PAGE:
Reading
Early, it was the Dick and Jane books that got us started. Later, the SRA reading laboratory kit was common. It was a set of large cards we selected from multi-colored tab-divided boxes. It was self-paced in fifth and sixth grades so it was a chance for competitive reading, or more precisely, to see who could plow through an SRA box of cards the fastest while still having comprehension.

Music class
We were taught many patriotic and American folks songs of the time – think Woody Guthrie, Peter Paul & Mary, or even the Frank Sinatra song, “High Hopes.” I have fond memories of that until I reached fifth grade and somehow we boys felt that music class was not for cool kids. I regret that. We were taught how to play the recorder, a modest instrument I still enjoy playing today.

Art
Paper mache and tempera paints were the tools of the trade. The five-fingered turkey seemed to be an annual exercise as we approached November and were learning about the Pilgrims who came to the North American continent.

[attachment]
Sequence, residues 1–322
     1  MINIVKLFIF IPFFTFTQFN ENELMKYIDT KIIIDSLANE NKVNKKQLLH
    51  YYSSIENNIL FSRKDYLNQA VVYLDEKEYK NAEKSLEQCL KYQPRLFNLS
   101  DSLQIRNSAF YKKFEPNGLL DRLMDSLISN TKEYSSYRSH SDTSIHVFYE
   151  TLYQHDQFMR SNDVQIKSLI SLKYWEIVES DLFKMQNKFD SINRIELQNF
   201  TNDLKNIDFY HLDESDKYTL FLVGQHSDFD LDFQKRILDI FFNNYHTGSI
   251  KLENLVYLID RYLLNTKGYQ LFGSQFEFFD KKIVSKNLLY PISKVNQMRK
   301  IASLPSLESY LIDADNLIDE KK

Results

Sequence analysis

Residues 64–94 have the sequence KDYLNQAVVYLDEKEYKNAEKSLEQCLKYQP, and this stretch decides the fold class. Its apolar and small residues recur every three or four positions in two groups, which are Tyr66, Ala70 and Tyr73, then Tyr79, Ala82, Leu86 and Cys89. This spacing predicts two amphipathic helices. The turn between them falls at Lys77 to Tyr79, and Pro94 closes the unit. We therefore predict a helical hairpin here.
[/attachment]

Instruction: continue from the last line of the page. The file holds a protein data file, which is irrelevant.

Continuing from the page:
Bomb drills
I lived near Offutt Air Force Base which contained the HQ for the Strategic Air Command deep underground and controlled the network of missile silos and strategic long-range bombers. We had bomb drills in our school more frequently than fire drills. Upon hindsight, we would have never seen "it" coming or felt the blast as the base was the No. 3 target of the Soviet military at the time during the cold war and we were a mere few blocks from the base.

Dodge ball
You learn very quickly what kind of people you’re going to school with when you play dodge ball. A “two-hands” rule was implemented so you had to throw the ball with two hands so you could not get quite the velocity on the partially deflated playground ball. Eventually, the girls opted out and skipped off to do other things at recess.

Civics